Trying to get a good nights sleep is nearly impossible if you suffer from some form of chronic pain, so we've put this helpful breathing exercise together to help you when you've run out of sheep to count.
Deep Breathing: Step by step
Almost everyone can benefit from practicing deep breathing, only people with metabolic acidosis and who suffer from diaphragmatic cramps should abstain from practicing.
Now that we have a better understanding about deep breathing and why it’s so important, let’s do a short exercise so that you can gain awareness of the bodily sensations that take place during deep breathing.
First, I would like you to assume a comfortable position, this can be either sitting or lying down. Now I would like you to place one hand slightly below your belly button and the other one slightly above it. The goal of this exercise is that you identify the 3 areas that are involved when you engage in deep breathing. These are: the lower abdomen, the upper abdomen and the chest.
Before we start It is important to note that your breathing should be slow and natural, at no time should you feel that you are forcing any part of your body. The purpose of this exercise is that you gain awareness of your body and your breathing pattern. If something feels uncomfortable you should stop and adjust so that you can continue the exercise. If you experience light-headedness or dizziness during this exercise, then take a break and breathe normally until that sensation is gone.
Let’s begin, we will do this in 3 steps:
Step 1: The goal will be for you to direct the inhaled air to the lower part of the lungs. In order to do this, I would like you to take a deep breath and in so doing only elevate only the lower part of your abdomen. Notice how the hand placed below your belly button moves as you do so. Now breathe out…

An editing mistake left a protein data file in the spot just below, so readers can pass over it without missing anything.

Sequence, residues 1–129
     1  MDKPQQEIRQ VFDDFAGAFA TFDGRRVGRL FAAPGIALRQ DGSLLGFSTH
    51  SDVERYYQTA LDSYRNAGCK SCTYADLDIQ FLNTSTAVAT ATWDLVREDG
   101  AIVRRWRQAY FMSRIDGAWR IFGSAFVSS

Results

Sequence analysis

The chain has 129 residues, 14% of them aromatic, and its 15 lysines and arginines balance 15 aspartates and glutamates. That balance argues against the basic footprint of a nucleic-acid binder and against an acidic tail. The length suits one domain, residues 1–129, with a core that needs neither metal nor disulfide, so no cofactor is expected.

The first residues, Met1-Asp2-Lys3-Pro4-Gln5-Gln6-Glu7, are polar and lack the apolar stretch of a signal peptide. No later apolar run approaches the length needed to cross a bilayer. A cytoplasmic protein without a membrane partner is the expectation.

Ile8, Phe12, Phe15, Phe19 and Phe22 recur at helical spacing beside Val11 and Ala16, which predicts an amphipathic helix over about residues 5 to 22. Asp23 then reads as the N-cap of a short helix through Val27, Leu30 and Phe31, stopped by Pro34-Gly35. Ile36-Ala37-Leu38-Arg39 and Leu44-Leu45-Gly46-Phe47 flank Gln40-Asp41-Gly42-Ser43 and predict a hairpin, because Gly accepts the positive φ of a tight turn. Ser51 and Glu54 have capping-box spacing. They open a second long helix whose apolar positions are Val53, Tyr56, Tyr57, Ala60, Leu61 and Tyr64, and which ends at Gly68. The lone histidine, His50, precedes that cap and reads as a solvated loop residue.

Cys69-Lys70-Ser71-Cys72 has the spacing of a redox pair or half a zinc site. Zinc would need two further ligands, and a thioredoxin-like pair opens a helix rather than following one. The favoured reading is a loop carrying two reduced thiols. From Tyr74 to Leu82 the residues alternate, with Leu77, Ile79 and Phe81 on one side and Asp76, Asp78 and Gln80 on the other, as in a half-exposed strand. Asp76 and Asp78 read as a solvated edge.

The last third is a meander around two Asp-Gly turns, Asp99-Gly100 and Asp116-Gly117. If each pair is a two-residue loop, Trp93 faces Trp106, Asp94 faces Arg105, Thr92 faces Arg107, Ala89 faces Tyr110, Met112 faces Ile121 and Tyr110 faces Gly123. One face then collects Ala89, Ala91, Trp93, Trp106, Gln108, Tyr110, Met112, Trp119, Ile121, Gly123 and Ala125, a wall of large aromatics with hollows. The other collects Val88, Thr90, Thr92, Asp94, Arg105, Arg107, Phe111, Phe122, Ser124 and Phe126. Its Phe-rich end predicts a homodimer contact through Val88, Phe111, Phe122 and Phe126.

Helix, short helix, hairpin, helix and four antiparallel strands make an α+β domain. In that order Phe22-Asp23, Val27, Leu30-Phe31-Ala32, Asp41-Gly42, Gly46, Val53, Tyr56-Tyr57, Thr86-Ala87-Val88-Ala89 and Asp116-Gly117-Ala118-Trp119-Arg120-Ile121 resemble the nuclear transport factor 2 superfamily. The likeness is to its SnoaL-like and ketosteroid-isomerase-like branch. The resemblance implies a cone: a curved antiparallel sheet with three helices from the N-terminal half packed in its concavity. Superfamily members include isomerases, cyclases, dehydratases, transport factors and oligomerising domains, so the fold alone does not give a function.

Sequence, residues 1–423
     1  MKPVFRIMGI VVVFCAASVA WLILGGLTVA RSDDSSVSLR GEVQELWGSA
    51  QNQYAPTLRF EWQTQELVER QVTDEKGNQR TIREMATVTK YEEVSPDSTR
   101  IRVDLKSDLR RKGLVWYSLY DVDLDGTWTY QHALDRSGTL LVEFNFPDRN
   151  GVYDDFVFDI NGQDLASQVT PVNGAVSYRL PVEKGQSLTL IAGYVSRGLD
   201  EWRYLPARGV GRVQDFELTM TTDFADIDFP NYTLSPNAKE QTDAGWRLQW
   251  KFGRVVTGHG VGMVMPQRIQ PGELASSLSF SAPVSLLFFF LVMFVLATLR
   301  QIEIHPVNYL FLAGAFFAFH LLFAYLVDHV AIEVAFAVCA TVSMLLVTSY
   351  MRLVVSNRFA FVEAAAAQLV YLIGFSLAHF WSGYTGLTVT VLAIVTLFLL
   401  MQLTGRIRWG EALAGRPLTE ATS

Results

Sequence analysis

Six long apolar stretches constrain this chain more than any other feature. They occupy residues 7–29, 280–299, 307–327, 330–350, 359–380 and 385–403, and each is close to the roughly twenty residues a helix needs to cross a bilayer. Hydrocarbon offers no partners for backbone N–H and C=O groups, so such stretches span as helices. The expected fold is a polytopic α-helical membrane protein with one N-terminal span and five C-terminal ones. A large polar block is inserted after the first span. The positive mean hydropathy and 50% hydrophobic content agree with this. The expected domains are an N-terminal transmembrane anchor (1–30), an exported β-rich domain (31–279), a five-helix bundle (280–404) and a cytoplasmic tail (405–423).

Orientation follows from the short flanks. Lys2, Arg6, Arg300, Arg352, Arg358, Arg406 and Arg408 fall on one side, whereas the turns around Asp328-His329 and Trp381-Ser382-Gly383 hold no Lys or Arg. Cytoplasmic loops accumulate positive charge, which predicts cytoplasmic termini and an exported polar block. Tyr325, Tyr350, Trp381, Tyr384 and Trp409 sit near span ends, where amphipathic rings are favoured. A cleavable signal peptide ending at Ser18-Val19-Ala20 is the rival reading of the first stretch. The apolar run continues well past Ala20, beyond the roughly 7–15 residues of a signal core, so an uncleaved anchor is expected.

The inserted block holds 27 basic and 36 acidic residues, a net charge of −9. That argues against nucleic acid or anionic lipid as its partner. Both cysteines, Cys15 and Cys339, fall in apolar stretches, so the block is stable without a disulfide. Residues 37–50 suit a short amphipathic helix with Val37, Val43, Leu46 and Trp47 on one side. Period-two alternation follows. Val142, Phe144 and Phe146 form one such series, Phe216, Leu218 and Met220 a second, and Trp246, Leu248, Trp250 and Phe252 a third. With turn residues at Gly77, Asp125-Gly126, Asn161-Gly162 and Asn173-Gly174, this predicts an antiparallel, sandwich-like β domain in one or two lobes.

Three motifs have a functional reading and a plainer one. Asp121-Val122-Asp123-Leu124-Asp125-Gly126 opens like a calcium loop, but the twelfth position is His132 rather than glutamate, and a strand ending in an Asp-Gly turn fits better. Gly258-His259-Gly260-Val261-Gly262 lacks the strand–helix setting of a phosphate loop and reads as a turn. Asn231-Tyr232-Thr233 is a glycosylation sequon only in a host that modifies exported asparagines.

Step 2: we will try to engage the lower and middle part of the lungs. On your next inhale I would like you to direct the air first to the lower abdomen raising the hand below the belly button and then to the stomach, noting that the hand placed above your belly button moves as well. Try to do this step a couple of times to ensure that you identify both movements…
Step 3: Now that you have practiced these two steps, we will try to engage all three areas: lower abdomen, stomach and chest. Keep your hands above and below your belly button and on your next inhale, try to move the air to the first to the lower abdomen, raising the hand above your lower abdomen, then move on to the stomach, noticing how your hand above your belly button rises as the stomach expands with air; and finally, feel how the remaining air fills and expands your chest. Notice how involving the chest influences your body posture… Very good, now as you slowly exhale notice that this action produces slight sound as the air leaves your lips…
Excellent, now repeat this last step a couple of times until you can maintain a deep breathing pattern that feel natural. Try not to practice this exercise for more than 2 continuous minutes. You can always return to this exercise if you feel that you need to practice the basics of deep breathing.
Note: In 2020 I worked alongside three academics who helped build a CBTI sleep therapy app for me.
The three were Achilleas Pavlou who is currently a Lecturer in Psychology and Clinical Communication Skills at the University of Nicosia Medical School. Tania Karina Garcia Vite BSc Psychology, MsC Sleep Disorders. Dr Nicholas Cooper Senior Lecturer Department of Psychology University of Essex.
The sleep series is thus based on that collaboration...